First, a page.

When it comes to treatment effects within the trial, it is perhaps unsurprising that ischemia did not demonstrate an interaction with the trial intervention, given its poor predictive performance. This essentially disproved the previous COURAGE ischemia substudy findings. However, in patients with severe coronary artery disease on computed tomography, coronary revascularization reduced cardiovascular death or MI by more than one-third, with similar trends seen for the primary end point, but no effect on overall mortality. This is particularly impressive given that several factors would have hindered the detection of a treatment effect. First, less than half the study population contributed to this analysis, perhaps contributing to the lack of a statistically significant treatment interaction. Second, the assessment of severity of coronary artery disease was based on the rather outdated use of stenosis severity. Although this is arguably more relevant to a trial of ischemia and coronary revascularization, plaque burden and plaque type are much stronger independent predictors of outcome,[10,11] especially given that most MIs are caused by nonobstructive plaques or those with high-risk plaque features. Perhaps greater differential effects would have been seen if more modern and sensitive measures of anatomic disease severity were used. Third, the length of follow-up is relatively short and spontaneous plaque rupture events occur slowly. Last, we should remember that coronary revascularization was achieved by percutaneous coronary intervention in three-quarters of cases. This does little to protect the coronary circulation from plaque rupture and merely relieves the hemodynamic flow obstruction. As the COURAGE trial amply demonstrated, percutaneous coronary intervention does not reduce rates of MI in patients with stable disease. In contrast, coronary artery bypass graft surgery does reduce the long-term rates of MI and all-cause mortality.This is because long segments of proximal coronary artery plaque are bypassed by the grafts and most plaque rupture events upstream of the bypass anastomosis are unlikely to lead to MI. It will be interesting to see whether ISCHEMIA confirms these benefits in the longer term and whether this could be attributable to coronary artery “plaque” bypass surgery.
In their second analysis, Reynolds and colleagues report the findings of a registry of patients who were excluded from ISCHEMIA because they had evidence of ischemia but no obstructive coronary artery disease. The method of ischemia testing in this substudy was stress echocardiography and all images were reviewed and scored by a blinded core laboratory. There were a number of notable observations. Exercise-limiting angina was only present in 20% of participants on formal stress testing and most participants had relief of their symptoms by 1 year. Moreover, the stress-induced wall motion abnormalities resolved at follow-up in most patients, with very few participants having evidence of worsening abnormalities. Last, the participants had a much better prognosis than did those with obstructive coronary artery disease.
What do we make of these findings? As with any test, a false-positive stress echocardiogram is an important concern. There is also clear evidence of regression to the mean, which is common to all studies that have entry criteria for the subject under investigation. However, for a modest percentage of patients, there were continuing debilitating symptoms associated with objective evidence of persistent stress-induced cardiac dysfunction. Many theories abound, such as microvascular angina, and yet we still have little understanding regarding the underlying pathophysiology of these phenomena or how best to treat them. This is important given the substantial morbidity associated with severe, persistent cases. However, for the majority, this condition is self-limiting and associated with a relatively good prognosis. This analysis by Reynolds and colleagues highlights that systematic evaluation is important to document the presence of ischemia and nonobstructive plaque. The former is needed to provide a clear diagnosis and rational approach to the symptomatic management of those with persistent symptoms and, for the latter, to ensure that nonobstructive coronary artery disease is treated with appropriate preventative therapies. For those with documented ischemia and persistent symptoms, antianginal therapy using vasodilator agents remains an imperfect empirical choice, which lacks definitive demonstrable efficacy but aims to improve the patient’s quality of life in the absence of other proven interventions.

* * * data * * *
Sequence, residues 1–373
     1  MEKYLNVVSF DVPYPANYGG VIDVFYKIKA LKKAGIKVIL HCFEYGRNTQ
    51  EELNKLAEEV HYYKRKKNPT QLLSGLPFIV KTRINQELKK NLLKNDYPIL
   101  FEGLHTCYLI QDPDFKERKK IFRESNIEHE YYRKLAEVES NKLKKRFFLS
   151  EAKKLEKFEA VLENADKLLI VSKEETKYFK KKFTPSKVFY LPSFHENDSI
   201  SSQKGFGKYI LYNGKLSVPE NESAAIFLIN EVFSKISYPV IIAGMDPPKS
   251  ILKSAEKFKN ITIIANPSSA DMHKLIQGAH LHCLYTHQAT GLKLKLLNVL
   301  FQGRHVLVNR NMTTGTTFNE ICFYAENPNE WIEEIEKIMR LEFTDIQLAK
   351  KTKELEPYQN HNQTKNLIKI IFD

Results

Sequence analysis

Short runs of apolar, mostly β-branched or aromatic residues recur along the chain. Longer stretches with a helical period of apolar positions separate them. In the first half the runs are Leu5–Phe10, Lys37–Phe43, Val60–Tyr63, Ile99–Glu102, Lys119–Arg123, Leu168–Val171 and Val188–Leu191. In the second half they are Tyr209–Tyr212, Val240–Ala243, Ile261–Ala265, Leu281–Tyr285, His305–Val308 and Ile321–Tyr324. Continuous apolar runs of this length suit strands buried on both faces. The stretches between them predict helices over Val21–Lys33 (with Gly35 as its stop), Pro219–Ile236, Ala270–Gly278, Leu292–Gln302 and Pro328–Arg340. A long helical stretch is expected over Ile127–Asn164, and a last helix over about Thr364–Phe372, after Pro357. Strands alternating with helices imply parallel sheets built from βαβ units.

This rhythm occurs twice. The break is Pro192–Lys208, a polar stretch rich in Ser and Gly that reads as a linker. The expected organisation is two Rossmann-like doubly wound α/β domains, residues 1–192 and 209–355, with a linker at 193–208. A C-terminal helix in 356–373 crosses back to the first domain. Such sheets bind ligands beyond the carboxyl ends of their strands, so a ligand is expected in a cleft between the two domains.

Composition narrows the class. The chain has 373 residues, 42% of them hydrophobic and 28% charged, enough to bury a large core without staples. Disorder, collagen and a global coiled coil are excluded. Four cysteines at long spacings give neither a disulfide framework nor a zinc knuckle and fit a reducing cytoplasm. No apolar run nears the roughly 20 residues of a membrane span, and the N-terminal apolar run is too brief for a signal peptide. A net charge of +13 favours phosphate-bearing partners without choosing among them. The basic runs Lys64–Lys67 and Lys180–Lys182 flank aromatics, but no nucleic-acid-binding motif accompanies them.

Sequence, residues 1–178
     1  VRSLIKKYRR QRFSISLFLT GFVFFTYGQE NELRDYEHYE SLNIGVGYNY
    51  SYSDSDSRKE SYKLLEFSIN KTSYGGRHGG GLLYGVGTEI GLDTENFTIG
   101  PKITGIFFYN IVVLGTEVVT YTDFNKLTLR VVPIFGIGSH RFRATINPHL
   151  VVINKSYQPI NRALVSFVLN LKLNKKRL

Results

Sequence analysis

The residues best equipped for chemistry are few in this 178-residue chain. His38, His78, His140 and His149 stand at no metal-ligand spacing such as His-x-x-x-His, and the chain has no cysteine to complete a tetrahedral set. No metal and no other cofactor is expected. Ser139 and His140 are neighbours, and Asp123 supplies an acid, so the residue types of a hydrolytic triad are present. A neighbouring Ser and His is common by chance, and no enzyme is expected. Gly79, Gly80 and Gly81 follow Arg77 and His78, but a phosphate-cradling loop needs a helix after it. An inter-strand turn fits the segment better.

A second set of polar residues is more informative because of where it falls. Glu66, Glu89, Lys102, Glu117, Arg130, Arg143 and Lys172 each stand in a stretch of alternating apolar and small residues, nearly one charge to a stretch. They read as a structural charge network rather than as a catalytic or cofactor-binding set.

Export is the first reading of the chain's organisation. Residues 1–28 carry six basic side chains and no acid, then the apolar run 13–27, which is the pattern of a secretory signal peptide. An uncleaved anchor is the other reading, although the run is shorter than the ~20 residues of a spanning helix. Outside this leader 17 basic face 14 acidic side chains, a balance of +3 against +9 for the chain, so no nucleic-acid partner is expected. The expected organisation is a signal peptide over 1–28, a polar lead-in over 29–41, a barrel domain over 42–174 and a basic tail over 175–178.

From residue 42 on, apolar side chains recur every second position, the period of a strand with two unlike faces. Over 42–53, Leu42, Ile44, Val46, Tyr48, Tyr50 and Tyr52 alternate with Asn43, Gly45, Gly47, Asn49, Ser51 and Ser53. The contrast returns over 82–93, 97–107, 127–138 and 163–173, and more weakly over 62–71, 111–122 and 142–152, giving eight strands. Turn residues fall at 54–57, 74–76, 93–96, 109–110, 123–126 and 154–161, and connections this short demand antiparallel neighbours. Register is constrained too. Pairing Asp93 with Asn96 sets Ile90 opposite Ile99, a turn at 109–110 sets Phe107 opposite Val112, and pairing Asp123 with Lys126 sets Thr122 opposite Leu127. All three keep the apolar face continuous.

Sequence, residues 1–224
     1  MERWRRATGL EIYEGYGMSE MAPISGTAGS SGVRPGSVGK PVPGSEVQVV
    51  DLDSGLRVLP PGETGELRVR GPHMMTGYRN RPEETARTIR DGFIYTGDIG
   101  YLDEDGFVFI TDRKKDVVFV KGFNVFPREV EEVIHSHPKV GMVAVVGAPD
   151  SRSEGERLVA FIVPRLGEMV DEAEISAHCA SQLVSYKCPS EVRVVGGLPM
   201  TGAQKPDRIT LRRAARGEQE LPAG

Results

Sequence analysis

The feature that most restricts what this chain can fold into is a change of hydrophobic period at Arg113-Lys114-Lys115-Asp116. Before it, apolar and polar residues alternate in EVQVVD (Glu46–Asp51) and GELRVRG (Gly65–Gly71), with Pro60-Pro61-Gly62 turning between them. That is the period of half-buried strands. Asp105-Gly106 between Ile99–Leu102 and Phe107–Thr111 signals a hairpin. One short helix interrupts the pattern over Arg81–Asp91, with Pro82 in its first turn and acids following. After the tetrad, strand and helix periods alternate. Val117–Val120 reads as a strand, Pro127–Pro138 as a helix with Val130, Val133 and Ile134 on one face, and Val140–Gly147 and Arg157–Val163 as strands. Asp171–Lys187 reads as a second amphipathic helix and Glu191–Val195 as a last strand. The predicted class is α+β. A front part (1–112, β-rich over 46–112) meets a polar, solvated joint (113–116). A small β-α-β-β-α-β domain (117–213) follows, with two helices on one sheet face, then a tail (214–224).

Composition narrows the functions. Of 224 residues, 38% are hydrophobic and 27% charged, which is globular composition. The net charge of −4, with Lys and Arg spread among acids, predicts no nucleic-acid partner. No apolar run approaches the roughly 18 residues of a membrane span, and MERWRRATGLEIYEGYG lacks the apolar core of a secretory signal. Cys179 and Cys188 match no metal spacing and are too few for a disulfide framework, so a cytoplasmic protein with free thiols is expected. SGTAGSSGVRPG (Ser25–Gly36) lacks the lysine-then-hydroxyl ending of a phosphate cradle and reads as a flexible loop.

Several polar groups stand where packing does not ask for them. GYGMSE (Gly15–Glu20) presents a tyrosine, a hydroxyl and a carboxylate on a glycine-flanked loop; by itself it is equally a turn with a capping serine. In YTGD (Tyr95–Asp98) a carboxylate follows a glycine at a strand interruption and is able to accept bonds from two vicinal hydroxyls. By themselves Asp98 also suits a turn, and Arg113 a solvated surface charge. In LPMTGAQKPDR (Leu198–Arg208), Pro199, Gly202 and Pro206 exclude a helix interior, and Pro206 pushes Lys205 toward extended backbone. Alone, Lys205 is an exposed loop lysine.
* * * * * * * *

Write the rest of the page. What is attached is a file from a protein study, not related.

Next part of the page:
These ISCHEMIA substudies reinforce the growing consensus that ischemia testing is a suboptimal surrogate measure of coronary artery disease severity and that anatomic imaging, preferably with noninvasive coronary computed tomography angiography, provides superior diagnostic information and risk stratification in patients with atherosclerotic coronary artery disease. It is highly likely that measures of plaque burden and type will further enhance risk prediction and may be a future method of determining the intensity of therapies and interventions for the prevention of MI. For ischemia testing, there remains an important role for the objective assessment of persistent symptoms and their management, especially where anatomy or presence of ischemia is uncertain. We look forward to the long-term outcomes of ISCHEMIA. If further long-term benefits are confirmed, this likely will be attributable to the application of coronary artery “plaque” bypass surgery, especially in patients with 3-vessel coronary artery disease. However, the plaque stabilizing effects of guideline-directed medical therapy are hard to beat and the primary role of ischemia testing and coronary revascularization is to provide symptom relief when other antianginal therapies and interventions have failed.
Sources of Funding
Drs Newby, Williams, and Dweck are supported by the British Heart Foundation (FS/ICRF/20/26002, FS/14/78/31020, CH/09/002, RG/16/10/32375, RE/18/5/34216, and FS/SCRF/21/32010). Dr Newby is the recipient of a Wellcome Trust Senior Investigator Award (WT103782AIA). Dr Williams is supported by The Chief Scientist Office of the Scottish Government Health and Social Care Directorates (PCL/17/04). Dr Dweck is the recipient of the Sir Jules Thorn Award for Biomedical Research 2015.
Circulation. 2021;144(13):1039-1041. © 2021 American Heart Association, Inc.